Along with potential candidates, students will have an important issue to vote in during this year’s Undergraduate Student Government elections—a possible increase of the Student Activity Fee.
By a vote of 16-3-0, the USG senate approved a referendum on the fee on Thursday, April 16. President Garry Lachhar said after a month-long discussion by the Executive Council, its resolution was aimed “to help increase campus life.”
The current fee is set at $99.50 per semester, and it was last increased by $5 in 2013. This referendum is looking for an increase of $5.50 per semester, bringing the total fee per semester to $105, with the year total still below the maximum amount of $250.
“An increase is definitely not needed,” Treasurer Kathryn Michaud said, “but if students want to be able to have those extras, those ‘want’ items, we’re going to need to have more money to fund those.”
Should students vote for the referendum come elections time, Lachhar said about $176,000 in unallocated funds would be added per year with the fee increase. Lachhar also stressed the importance of promoting this issue, especially by those not running for office next year.
“This is for the growth of not just this organization but every club on campus,” Lachhar said. “Of course you can’t guarantee that it will go to the clubs, but as a whole, our organization will grow from this increase, but only if people vote for it.”
Vice President of Academic Affairs Steven Adelson also presented the 2015 USG Constitution Act, which had been put on hold for some time due to budget discussions, and was approved unanimously, 20-0-0. Though many minor suggestions were added, two key points were the academic standing of USG members and office hours.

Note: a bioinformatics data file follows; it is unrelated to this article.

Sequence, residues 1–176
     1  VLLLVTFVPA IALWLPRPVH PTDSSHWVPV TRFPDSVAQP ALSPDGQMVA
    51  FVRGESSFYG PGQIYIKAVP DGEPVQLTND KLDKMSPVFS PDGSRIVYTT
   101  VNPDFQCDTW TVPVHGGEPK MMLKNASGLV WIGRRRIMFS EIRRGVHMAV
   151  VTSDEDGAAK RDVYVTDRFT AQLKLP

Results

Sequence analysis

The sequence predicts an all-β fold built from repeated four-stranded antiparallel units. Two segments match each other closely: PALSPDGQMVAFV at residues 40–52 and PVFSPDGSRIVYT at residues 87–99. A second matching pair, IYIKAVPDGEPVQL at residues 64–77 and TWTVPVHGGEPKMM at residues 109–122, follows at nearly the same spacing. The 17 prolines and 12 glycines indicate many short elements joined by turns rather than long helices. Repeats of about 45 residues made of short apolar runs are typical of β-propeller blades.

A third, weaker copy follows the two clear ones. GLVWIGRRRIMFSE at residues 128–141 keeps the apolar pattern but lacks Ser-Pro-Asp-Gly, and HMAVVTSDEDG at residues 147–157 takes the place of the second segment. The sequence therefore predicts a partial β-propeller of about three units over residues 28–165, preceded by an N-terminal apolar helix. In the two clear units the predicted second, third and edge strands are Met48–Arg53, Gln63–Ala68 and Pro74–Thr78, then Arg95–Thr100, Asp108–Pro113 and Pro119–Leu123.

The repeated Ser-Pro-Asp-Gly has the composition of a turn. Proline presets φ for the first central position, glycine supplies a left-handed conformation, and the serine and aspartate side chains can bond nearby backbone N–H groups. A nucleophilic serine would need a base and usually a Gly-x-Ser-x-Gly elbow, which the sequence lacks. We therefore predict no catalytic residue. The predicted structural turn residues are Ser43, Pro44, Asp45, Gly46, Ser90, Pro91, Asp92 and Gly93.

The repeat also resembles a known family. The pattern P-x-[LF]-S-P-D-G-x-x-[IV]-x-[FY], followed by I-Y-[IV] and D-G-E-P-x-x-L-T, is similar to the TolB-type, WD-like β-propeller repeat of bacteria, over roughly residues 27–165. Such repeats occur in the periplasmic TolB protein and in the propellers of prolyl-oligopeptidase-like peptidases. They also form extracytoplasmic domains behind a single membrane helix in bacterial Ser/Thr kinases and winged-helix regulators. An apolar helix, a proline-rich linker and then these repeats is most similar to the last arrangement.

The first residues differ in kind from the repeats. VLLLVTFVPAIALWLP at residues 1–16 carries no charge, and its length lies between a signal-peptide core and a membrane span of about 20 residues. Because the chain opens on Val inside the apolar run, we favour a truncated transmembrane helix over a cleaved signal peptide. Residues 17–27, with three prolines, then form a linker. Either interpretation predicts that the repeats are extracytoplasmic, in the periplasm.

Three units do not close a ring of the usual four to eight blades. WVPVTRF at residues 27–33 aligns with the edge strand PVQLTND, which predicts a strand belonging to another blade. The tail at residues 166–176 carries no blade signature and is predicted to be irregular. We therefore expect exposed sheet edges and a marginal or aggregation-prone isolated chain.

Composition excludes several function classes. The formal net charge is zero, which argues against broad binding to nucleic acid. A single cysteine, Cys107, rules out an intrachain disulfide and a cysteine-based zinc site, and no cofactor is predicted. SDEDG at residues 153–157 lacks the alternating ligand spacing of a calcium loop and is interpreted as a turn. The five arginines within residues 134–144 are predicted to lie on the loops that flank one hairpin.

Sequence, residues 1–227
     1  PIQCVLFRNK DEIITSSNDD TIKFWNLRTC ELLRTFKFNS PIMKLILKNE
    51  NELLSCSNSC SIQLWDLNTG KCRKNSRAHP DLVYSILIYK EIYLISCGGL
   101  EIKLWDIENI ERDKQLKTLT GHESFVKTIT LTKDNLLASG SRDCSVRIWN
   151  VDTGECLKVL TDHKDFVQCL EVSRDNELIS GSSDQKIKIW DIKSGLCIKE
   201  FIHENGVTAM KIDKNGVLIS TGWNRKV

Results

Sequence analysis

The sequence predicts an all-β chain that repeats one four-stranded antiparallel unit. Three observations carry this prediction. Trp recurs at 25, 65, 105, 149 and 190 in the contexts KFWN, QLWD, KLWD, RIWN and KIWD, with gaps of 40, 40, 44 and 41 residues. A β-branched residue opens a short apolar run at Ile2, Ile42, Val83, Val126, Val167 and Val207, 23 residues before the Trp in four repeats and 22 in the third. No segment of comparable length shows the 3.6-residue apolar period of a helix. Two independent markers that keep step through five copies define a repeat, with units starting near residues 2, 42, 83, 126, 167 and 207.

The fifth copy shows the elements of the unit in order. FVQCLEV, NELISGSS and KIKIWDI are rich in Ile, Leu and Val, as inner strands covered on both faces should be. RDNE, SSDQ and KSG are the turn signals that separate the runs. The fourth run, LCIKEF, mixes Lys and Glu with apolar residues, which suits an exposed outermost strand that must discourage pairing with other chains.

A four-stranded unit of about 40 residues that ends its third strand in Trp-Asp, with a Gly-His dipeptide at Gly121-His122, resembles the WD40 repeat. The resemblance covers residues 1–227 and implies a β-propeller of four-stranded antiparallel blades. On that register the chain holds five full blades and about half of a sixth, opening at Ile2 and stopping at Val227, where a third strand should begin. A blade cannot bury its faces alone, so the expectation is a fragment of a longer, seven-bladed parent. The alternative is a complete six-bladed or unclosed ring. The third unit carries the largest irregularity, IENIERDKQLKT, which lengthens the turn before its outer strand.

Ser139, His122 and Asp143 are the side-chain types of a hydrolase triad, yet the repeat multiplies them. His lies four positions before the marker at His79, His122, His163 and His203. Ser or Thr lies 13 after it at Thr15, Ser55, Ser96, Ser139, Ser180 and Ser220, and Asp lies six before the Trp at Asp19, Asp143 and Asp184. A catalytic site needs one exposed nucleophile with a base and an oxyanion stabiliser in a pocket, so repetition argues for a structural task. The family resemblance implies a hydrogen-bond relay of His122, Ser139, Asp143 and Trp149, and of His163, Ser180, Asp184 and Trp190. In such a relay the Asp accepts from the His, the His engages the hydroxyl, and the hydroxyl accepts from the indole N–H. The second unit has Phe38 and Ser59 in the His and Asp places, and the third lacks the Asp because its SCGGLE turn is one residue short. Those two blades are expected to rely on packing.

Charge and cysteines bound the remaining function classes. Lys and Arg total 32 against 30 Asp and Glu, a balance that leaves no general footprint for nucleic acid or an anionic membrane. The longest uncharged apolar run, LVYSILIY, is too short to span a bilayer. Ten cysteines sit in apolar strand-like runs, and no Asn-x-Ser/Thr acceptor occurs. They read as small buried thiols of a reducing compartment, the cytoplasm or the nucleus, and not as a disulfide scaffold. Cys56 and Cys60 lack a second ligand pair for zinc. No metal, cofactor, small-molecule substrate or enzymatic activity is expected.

“We believe that whether or not you stay in USG based on your academics should not be decided by a fellow student, because they don’t necessarily have that best interest at heart,” Adelson said. “What the recommendation is, is that if you fall below the minimum cumulative GPA requirement to be in USG, you are automatically dismissed.”
Though this is similar to the previous wording in the constitution, Adelson said it is important to add “cumulative” in the laws because “if you have a good GPA but have one really bad semester, you can still be in USG.”
The GPA requirements for the entire Executive Council were leveled out to 2.5. The current requirement for a senator is 2.5 and 2.75 for a justice.
Adelson also wanted to address the ambiguity of “office hours” for the Executive Council and senate, since he said he completes a lot of his duties and responsibilities outside the office.
“For me in particular, there’s not a lot for me to do at the office,” he said. “So I felt it appropriate to leave it up to the administration to decide whether or not what you’re doing is conducive to your duties and responsibilities rather than the constitution saying you have to be in the office half the time no matter what.”
The Black Womyn’s Association had its budget readjusted after its appeal for more money to host its Emerald City Festival was approved 19-0-0. The association’s president, senior biology major Bianca Boafo, outlined the efforts her club went through to earn back the trust of the senate after the Appropriations Act passed on Feb. 12 had cost them their funding. College of Arts and Sciences Sen. Marissa Peterson said she would like to see these kinds of efforts from clubs rewarded.
“I feel like they seem really confident and they’ve put a lot of work into this so far, and I think that this semester was a big lesson,” Peterson said. “You guys had to really work hard to get the budget back, so I think it’s going to work out.”
One new club officially recognized by USG was the Alliance Française. The group’s president, sophomore political science and French double major Elizabeth Morgan, said the group was a necessary forum for students of French background or those learning the language.
“This club is important in terms of keeping the cultural atmosphere of the French department alive,” Morgan said. “It’s a small club, but we’re trying to grow, and it’s a great way to bring more diversity to campus.”